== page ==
An image-forming member for electrophotography was prepared according to the same procedure and under the same conditions as in Example 1 except for the conditions as shown in Table 6.

              TABLE 6______________________________________Conditions for forming photoconductive layer        Flow amount                   Discharging                              LayerGases employed        or ratio   conditions thickness______________________________________(1) B2 H6 (10)/Si2 F6        30         150 W      16μ(2) SiF4        1(3) Ar       69O2      0.1 vol. % of [(1) + (2)]______________________________________

The thus prepared image-forming member for electrophotography was subjected to the image-forming treatment similarly to that in Example 1 and a toner image was formed on a transfer paper, whereby there was obtained a very clear image.

EXAMPLE 6

After intermediate layers were formed on molybdenum substrates according to the same procedure and under the same conditions as in Example 5, photoconductive layers were formed on the intermediate layers according to the same procedure and under the same conditions as in Example 5 except that the gases employed and the relative values of flow amounts were varied as shown in Table 7. When toner images were formed using the thus prepared image-forming members in a similar way to that in Example 5, better images were obtained in case of Sample A6 for the combination of corona charging effected at ⊖ 5.5 KV followed by imagewise exposure with ⊕ charged toner.

On the contrary, better toner images were ontained in case of Sample B6 for the combination of corona charging at ⊕ 6.0 KV followed by imagewise exposure with ⊖ charged toner.

              TABLE 7______________________________________Photoconductive layer Gases employed for formation of                       Relative valueSample photoconductive layer of flow amount______________________________________A6    SiF4             1 Si2 F6      30 Ar containing 0.2 vol. % O2                       69B6    Si3 F8      30 Si2 F6 containing 100 vol. ppm B2 H6                       20 Ar containing 0.2 vol. % O2                       50______________________________________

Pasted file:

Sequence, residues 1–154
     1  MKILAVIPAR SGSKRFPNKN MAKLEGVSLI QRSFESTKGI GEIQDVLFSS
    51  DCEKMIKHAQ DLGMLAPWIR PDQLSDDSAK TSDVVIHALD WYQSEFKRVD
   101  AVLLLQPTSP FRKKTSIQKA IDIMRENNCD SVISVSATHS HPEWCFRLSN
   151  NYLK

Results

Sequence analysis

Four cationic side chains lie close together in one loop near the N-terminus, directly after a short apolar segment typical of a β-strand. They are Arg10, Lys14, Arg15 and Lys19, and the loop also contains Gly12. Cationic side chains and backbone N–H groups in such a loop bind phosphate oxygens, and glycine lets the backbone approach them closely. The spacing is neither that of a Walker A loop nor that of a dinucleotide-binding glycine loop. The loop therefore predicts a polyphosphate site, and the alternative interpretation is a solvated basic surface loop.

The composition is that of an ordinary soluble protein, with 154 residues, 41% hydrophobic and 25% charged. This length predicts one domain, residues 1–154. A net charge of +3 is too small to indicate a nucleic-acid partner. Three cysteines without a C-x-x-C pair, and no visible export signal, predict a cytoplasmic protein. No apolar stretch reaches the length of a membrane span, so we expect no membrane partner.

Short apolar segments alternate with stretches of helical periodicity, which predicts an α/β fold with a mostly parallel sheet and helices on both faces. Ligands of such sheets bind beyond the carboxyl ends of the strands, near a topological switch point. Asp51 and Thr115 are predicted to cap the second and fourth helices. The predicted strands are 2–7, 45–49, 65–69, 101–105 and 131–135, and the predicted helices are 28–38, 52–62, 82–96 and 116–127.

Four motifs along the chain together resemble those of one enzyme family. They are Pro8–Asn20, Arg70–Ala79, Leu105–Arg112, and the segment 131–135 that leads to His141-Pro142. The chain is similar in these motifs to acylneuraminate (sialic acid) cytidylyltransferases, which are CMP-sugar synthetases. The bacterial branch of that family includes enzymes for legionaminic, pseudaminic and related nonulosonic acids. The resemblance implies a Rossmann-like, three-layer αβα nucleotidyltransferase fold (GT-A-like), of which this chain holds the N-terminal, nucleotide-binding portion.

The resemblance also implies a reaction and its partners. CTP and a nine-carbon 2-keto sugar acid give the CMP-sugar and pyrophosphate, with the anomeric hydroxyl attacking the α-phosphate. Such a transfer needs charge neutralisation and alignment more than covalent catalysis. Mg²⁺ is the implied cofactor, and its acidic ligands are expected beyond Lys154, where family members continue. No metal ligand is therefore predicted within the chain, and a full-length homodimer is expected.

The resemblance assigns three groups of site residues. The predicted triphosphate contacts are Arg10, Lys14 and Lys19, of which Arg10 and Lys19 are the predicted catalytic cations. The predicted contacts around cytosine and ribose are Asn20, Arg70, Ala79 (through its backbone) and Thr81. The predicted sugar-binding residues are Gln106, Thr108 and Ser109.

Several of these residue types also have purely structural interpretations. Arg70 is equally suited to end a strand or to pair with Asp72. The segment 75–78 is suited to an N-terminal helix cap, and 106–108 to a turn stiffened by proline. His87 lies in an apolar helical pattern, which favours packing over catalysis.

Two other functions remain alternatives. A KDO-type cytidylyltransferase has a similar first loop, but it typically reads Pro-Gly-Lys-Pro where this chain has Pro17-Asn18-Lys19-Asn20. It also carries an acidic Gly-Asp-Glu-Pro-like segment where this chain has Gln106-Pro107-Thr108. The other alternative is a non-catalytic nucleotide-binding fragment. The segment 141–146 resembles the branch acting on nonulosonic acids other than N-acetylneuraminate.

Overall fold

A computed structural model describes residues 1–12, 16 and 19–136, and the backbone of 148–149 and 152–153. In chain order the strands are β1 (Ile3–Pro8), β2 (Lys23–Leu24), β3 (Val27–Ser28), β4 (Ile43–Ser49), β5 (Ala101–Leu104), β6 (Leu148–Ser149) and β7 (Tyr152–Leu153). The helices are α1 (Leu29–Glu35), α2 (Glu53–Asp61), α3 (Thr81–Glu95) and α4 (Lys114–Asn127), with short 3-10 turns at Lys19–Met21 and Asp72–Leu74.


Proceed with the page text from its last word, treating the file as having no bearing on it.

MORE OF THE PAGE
EXAMPLE 7

After intermediate layers were formed on molybdenum substrates according to the same procedure and under the same conditions as in Example 5, photoconductive layers were formed on the intermediate layers according to the same procedure and under the same conditions as in Example 5 except that the gases employed (using increased number of bombs in FIG. 2, if necessary) and the relative values of flow amounts were varied as shown in Table 8.

The thus prepared image-forming members were examined from both aspects of productivity (deposition rate) and characteristics (image quality at high temperatures under high humidity and repeatability). As the result, it was found that it is necessary for accomplishment of the object of the present invention to form a photoconductive layer with use of a starting gas mixture in which high order compounds with higher order than that of the minimum order compound with the minimum order of m among those represented by the formula: Sim F2m+2 (wherein m is a positive integer) may be contained in an amount of at least 1 vol.% based on said minimum order compound while controlling the value of the flow amount of O2 gas to 8 vol.% or lower based on the total flow amount of the starting gases represented by the above formula. The standards for evaluation are the same as in Table 5.